We provide theory and evidence that the elasticity of local employment to a labor demand shock is heterogeneous depending on the commuting openness of the local labor market. We develop a quantitative general equilibrium model that incorporates spatial linkages in goods markets (trade) and factor markets (commuting and migration). We quantify this model to match the observed gravity equation relationships for trade and commuting. We find that empirically-observed reductions in commuting costs generate welfare gains of around 3.3 percent. We provide separate evidence in support of the model's predictions using decompositions of employment changes, million dollar plants, and trade shocks.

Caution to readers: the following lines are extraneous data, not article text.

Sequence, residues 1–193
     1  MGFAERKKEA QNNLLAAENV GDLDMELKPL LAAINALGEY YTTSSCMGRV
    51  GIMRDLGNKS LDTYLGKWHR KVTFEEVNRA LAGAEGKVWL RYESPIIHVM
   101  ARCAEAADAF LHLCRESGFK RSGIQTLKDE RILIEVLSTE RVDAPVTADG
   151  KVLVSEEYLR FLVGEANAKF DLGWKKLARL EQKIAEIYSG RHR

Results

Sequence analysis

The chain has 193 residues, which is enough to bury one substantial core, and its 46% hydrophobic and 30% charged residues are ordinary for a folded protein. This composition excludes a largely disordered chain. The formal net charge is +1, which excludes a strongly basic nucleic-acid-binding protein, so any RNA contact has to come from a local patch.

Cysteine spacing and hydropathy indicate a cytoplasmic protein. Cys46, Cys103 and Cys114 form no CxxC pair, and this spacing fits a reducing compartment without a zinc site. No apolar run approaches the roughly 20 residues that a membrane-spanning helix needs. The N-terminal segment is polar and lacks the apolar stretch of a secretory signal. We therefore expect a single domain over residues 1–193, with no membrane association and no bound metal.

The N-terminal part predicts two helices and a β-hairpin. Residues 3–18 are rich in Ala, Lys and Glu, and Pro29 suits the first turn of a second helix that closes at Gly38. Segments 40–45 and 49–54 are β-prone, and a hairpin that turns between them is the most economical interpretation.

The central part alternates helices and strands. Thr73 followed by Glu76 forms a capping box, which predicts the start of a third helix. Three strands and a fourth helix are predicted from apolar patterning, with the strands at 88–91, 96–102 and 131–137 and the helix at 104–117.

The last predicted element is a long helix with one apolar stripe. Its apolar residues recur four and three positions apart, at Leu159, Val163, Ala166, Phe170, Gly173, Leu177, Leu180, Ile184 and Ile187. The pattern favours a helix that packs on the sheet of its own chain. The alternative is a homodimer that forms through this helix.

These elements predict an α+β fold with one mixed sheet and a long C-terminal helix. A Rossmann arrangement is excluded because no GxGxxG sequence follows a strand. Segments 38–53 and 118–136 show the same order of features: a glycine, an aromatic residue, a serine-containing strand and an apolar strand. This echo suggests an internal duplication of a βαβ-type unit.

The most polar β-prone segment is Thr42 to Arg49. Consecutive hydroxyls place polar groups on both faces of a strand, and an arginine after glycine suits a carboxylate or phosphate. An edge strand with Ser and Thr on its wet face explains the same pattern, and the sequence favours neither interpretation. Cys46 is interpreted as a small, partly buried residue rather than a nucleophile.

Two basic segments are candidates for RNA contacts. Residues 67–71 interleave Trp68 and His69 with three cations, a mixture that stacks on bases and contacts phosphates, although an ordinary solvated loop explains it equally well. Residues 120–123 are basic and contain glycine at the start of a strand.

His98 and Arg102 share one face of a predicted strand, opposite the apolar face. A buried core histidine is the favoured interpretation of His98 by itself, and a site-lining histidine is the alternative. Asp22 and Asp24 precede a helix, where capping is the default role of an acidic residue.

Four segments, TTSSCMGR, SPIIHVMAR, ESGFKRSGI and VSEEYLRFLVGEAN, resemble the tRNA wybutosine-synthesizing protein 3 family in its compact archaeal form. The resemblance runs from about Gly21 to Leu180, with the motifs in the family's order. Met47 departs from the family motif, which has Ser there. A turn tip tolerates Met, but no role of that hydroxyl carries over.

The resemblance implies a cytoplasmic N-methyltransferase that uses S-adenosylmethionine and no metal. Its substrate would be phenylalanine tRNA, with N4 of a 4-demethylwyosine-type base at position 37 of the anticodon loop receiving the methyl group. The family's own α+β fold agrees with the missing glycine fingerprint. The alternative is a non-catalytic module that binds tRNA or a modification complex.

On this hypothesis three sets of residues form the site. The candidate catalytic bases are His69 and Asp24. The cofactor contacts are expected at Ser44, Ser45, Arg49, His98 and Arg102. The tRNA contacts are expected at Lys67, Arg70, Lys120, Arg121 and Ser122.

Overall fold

F12: Models of Trade with Imperfect Competition and Scale Economies
F14: Empirical Studies of Trade
R13: General Equilibrium and Welfare Economic Analysis of Regional Economies
R23: Urban, Rural, Regional, Real Estate, and Transportation Economics: Regional Migration; Regional Labor Markets; Population; Neighborhood Characteristics